Friday, September 22, 2000
The Crew / zero stars (2000)
At the center of this banal premise are four main characters: Joey “Bats” Pistella (Burt Reynolds), Mike “The Brick” Donatelli (Dan Hedaya), Tony “Mouth” Donato (Seymour Cassel), and Bobby Bartellemeo (Richard Dreyfuss), whose missing nickname inspires one of the many dry gags used in the script. The four oldsters, who just happen to be ex-mobsters living in the same retirement home (no coincidence intended, I’m sure), enjoy the seemingly simple life in their run-down community until a proposal for expansion and remodeling is brought forth in the plot. Unwilling to part with the current state of their lives, the four men scheme to lay a corpse out in the hall and make it look as if he were murdered there, thus forcing the property value to plummet. Unfortunately, the body they have acquired is the presumed-missing father of an in-town mobster, who now thinks the four men are responsible for daddy’s death.
The story doesn’t end there, but rather, chooses to venture into so many new directions that we give up hope of gaining a the slightest interest. Two major subplots emerge alongside the core story, one involving the kidnapping of a woman and another having a police officer learn that one of the geezers she’s investigating is actually her father. If that isn’t enough, the movie manages to squeeze all of this (and more) in at less than 90 minutes, moving so fast at points that there’s no opportunity to develop a simple fixation on the story or its characters. And since the humor level doesn’t even reach ground zero, this makes the experience much more dreary and irritating.
Barry Fanaro’s story is so obviously conniving and wretched that, if movies were human beings and critics were their criminal judges, most of us would opt to send it to death row. There is not one moment of mild merit here: no wit, no creativity, no inspiration, and no apparent desire to even attempt these attributes. After about a half hour during the movie’s run, I eventually found myself comparing this rendition to the events following an overturned oil rig—you know, the kind of disaster that could be prevented, but once it’s done, everyone involved would rather watch the flames instead of put out the fire. “The Crew” certainly had an opportunity to prevent an inept outcome, and mercy knows it could have even redeemed itself with some kind of plausible humor even in the midst of the crummy story, but alas, neither of these scenarios matter to anyone on and off screen. All that the filmmakers seem to care about is watching the four actors move around each other and hope that their experience will give the dialogue and story an ounce of credibility. Too bad the actors don’t care, either.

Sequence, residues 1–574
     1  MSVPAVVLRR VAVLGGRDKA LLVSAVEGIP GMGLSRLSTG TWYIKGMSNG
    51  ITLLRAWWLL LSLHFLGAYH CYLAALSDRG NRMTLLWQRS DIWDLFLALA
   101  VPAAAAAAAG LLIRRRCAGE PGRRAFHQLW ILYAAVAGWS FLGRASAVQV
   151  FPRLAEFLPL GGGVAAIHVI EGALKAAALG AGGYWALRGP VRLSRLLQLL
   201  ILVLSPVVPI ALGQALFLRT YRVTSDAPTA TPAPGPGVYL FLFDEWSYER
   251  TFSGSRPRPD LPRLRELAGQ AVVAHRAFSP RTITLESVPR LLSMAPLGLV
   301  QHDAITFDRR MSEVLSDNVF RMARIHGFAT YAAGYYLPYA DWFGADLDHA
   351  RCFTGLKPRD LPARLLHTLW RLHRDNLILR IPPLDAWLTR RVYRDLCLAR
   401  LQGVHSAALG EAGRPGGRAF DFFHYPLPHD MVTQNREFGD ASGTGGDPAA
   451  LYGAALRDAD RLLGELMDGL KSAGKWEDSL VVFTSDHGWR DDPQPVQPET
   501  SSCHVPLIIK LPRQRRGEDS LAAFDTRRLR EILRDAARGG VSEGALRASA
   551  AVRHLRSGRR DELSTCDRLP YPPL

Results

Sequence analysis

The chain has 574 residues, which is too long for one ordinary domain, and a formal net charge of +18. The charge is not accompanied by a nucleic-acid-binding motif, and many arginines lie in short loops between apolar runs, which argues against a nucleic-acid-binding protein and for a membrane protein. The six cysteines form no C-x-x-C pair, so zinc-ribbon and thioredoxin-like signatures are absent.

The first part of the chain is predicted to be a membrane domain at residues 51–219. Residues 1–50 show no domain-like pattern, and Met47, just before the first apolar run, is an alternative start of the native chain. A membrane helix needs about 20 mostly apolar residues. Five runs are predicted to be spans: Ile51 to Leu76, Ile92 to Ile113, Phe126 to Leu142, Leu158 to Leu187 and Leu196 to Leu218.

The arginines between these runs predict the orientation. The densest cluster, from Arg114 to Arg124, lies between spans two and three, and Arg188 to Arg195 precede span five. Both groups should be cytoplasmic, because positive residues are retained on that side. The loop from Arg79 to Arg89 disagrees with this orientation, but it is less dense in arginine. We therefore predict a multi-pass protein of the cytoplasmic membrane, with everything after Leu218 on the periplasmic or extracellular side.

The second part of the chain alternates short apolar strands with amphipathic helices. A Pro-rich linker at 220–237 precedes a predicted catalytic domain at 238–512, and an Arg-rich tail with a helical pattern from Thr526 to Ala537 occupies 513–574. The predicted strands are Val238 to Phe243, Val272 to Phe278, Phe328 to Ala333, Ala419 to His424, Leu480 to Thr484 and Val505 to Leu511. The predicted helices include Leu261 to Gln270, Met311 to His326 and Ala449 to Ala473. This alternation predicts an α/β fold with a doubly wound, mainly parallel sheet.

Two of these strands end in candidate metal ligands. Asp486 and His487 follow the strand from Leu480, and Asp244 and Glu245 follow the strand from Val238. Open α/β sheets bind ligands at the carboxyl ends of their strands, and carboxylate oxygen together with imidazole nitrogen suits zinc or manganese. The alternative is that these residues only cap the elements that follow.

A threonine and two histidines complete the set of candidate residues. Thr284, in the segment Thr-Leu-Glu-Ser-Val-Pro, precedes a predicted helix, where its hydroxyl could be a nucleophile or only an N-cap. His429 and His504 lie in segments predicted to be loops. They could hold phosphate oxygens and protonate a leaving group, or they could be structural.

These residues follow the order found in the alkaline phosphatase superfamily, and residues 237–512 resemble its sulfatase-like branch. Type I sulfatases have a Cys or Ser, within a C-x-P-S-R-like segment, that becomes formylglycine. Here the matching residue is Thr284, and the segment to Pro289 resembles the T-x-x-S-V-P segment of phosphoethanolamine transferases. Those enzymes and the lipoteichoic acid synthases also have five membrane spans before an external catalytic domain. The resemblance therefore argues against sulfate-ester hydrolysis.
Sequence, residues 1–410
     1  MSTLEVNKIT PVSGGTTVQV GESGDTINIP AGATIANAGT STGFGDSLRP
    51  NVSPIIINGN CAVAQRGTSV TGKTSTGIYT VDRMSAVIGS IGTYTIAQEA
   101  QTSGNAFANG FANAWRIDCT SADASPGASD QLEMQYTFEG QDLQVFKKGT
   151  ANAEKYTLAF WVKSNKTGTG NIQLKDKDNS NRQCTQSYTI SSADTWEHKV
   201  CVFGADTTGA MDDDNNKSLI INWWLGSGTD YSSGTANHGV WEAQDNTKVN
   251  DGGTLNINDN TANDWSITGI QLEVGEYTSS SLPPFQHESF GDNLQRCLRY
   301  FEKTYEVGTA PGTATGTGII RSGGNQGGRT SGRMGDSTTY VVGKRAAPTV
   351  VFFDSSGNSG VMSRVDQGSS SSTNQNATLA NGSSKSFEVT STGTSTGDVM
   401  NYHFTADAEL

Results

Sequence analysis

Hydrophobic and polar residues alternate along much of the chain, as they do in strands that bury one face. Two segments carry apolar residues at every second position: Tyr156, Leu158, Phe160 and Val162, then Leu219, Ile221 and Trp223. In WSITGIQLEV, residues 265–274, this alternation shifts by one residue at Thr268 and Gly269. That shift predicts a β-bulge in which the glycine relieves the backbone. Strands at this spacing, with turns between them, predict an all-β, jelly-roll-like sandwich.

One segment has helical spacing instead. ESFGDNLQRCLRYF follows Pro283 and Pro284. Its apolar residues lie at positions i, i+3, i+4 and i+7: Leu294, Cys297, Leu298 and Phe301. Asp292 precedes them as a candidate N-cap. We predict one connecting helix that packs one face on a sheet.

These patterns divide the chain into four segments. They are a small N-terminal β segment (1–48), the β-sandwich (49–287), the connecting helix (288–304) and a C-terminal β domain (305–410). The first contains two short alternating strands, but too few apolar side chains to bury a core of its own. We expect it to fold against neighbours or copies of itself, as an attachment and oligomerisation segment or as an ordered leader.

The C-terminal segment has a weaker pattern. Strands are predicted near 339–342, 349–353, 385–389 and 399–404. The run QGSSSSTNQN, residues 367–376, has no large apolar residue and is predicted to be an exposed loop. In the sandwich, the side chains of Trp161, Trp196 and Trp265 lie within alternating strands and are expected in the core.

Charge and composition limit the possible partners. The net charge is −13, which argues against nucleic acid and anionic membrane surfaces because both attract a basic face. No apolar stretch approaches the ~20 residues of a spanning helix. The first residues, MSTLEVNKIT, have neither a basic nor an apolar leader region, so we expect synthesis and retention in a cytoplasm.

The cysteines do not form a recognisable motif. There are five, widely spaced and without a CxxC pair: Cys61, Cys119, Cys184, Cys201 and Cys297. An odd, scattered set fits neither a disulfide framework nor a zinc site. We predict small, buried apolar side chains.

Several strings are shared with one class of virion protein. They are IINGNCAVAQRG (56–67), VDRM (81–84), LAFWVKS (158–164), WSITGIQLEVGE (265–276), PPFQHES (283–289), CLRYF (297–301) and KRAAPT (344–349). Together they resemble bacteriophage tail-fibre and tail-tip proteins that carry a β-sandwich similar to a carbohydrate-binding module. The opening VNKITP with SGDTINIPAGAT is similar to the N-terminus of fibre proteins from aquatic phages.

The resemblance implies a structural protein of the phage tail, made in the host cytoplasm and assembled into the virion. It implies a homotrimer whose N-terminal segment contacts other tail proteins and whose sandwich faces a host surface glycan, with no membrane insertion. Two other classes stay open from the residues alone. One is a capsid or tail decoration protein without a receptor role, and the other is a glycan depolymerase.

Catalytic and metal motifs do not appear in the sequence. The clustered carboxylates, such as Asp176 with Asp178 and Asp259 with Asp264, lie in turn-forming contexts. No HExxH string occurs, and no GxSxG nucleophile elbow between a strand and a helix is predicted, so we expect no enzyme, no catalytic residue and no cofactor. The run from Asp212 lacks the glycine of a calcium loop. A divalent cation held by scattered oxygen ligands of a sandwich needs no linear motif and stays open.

“Space Cowboys” wasn’t exactly a great film to begin with, but it had the kind of spirit and energy that glittered all of the efforts. My advice is to stick with that film if you’re looking to pass the time with four aging actors. “The Crew” is, without a doubt, a deflated rip-off and should be avoided like a Mariah Carey CD.
Written by DAVID KEYES
Comedy (US); 2000; Rated PG-13; 87 Minutes
Burt Reynolds: Joey "Bats" Pistella
Richard Dreyfuss: Bobby Bartellemeo
Dan Hedaya: Mike "The Brick" Donatelli
Seymour Cassel: Tony "Mouth" Donato
Carrie-Anne Moss: Olivia Neal
Jennifer Tilly: Ferris 'aka Maureen' Lowenstein
Lainie Kazan: Pepper Lowenstein
Jeremy Piven: Det. Steve Menteer
Produced by Lisa Ellzey, Michael S. Glick, Barry Josephson, Andria Litto, George Litto, Barry Sonnenfeld, and Zane Weiner; Directed by Michael Dinner; Screenwritten by Barry Fanaro